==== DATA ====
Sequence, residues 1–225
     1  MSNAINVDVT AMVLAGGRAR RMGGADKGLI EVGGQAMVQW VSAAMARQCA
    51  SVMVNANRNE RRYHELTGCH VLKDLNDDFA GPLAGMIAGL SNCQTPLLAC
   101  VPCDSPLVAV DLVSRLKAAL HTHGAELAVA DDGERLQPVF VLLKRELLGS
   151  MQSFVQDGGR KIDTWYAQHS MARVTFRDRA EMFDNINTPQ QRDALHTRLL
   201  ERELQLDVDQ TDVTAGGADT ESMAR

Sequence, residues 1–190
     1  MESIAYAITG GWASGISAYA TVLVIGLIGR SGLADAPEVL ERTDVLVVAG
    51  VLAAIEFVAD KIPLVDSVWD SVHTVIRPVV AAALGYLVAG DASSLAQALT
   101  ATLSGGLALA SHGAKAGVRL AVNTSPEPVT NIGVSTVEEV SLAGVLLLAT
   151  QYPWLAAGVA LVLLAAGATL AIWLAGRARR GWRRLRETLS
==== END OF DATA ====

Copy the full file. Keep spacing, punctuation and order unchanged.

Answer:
Sequence, residues 1–225
     1  MSNAINVDVT AMVLAGGRAR RMGGADKGLI EVGGQAMVQW VSAAMARQCA
    51  SVMVNANRNE RRYHELTGCH VLKDLNDDFA GPLAGMIAGL SNCQTPLLAC
   101  VPCDSPLVAV DLVSRLKAAL HTHGAELAVA DDGERLQPVF VLLKRELLGS
   151  MQSFVQDGGR KIDTWYAQHS MARVTFRDRA EMFDNINTPQ QRDALHTRLL
   201  ERELQLDVDQ TDVTAGGADT ESMAR

Sequence, residues 1–190
     1  MESIAYAITG GWASGISAYA TVLVIGLIGR SGLADAPEVL ERTDVLVVAG
    51  VLAAIEFVAD KIPLVDSVWD SVHTVIRPVV AAALGYLVAG DASSLAQALT
   101  ATLSGGLALA SHGAKAGVRL AVNTSPEPVT NIGVSTVEEV SLAGVLLLAT
   151  QYPWLAAGVA LVLLAAGATL AIWLAGRARR GWRRLRETLS